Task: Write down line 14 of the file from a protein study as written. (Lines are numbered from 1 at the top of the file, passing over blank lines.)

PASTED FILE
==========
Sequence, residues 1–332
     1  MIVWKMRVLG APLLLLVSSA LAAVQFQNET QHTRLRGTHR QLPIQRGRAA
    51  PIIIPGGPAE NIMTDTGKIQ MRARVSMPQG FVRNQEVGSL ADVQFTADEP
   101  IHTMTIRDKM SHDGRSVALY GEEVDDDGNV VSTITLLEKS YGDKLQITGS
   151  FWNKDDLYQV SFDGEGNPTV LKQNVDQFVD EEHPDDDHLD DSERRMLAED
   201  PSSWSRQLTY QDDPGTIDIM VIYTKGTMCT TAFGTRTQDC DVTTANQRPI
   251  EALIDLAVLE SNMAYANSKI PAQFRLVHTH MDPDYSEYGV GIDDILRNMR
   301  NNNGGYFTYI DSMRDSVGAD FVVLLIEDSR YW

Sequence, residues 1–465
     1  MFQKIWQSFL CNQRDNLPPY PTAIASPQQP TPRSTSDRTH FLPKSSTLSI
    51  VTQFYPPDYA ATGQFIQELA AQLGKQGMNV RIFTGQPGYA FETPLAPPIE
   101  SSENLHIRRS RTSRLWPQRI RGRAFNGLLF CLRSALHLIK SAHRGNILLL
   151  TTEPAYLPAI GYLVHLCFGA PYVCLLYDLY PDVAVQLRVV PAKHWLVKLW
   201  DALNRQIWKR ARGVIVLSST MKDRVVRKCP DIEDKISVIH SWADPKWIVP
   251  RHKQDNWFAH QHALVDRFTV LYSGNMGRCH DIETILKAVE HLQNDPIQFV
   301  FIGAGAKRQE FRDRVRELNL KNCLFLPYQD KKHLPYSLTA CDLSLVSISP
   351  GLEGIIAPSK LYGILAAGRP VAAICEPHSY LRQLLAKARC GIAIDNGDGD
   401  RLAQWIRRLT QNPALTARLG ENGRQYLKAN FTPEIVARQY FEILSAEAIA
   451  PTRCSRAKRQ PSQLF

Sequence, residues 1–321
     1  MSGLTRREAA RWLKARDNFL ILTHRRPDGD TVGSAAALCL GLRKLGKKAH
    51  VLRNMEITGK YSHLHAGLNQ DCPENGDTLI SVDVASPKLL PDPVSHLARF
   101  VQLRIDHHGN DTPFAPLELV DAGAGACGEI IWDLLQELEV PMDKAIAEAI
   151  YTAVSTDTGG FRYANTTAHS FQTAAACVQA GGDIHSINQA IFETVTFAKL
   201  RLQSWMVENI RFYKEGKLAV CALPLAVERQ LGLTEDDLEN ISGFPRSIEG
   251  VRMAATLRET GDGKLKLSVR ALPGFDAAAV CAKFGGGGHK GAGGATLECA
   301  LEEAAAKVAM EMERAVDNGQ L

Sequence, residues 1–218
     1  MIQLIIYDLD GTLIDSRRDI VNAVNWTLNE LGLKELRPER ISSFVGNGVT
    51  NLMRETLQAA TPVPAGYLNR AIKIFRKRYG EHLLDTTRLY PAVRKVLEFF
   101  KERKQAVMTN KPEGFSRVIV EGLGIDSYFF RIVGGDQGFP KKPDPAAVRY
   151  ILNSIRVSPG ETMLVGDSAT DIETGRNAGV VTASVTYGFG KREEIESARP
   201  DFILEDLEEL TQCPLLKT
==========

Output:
   201  DALNRQIWKR ARGVIVLSST MKDRVVRKCP DIEDKISVIH SWADPKWIVP